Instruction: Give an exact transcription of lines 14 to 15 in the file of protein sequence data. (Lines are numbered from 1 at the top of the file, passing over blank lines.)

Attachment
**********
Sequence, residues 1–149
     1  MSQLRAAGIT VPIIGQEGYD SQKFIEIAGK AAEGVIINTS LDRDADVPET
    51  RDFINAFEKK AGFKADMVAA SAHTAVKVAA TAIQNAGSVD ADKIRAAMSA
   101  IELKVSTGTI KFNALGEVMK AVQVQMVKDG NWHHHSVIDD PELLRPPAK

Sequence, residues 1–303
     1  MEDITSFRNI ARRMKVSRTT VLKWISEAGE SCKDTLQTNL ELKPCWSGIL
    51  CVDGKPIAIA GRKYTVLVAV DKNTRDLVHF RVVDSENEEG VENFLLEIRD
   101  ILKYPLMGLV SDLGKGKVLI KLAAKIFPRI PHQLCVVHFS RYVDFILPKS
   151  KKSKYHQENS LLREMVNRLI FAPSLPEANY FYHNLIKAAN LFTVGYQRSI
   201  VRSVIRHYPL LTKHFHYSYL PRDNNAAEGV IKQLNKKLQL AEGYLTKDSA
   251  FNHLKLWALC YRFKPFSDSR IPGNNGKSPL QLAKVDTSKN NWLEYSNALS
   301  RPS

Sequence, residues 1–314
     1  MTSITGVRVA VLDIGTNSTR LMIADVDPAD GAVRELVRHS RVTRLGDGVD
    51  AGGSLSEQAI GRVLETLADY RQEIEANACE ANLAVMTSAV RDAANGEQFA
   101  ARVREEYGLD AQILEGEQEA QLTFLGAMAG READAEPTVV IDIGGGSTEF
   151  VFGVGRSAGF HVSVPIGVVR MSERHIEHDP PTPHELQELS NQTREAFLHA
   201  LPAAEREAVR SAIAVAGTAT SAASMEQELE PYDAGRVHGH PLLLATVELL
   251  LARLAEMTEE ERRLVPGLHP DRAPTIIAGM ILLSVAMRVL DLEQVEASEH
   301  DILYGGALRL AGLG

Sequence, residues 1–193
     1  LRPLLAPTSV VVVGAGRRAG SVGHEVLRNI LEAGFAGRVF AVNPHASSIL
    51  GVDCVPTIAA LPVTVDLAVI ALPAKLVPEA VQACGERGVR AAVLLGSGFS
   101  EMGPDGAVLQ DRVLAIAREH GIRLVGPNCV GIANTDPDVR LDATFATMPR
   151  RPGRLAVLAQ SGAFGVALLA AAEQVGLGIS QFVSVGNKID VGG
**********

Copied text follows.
     1  MTSITGVRVA VLDIGTNSTR LMIADVDPAD GAVRELVRHS RVTRLGDGVD
    51  AGGSLSEQAI GRVLETLADY RQEIEANACE ANLAVMTSAV RDAANGEQFA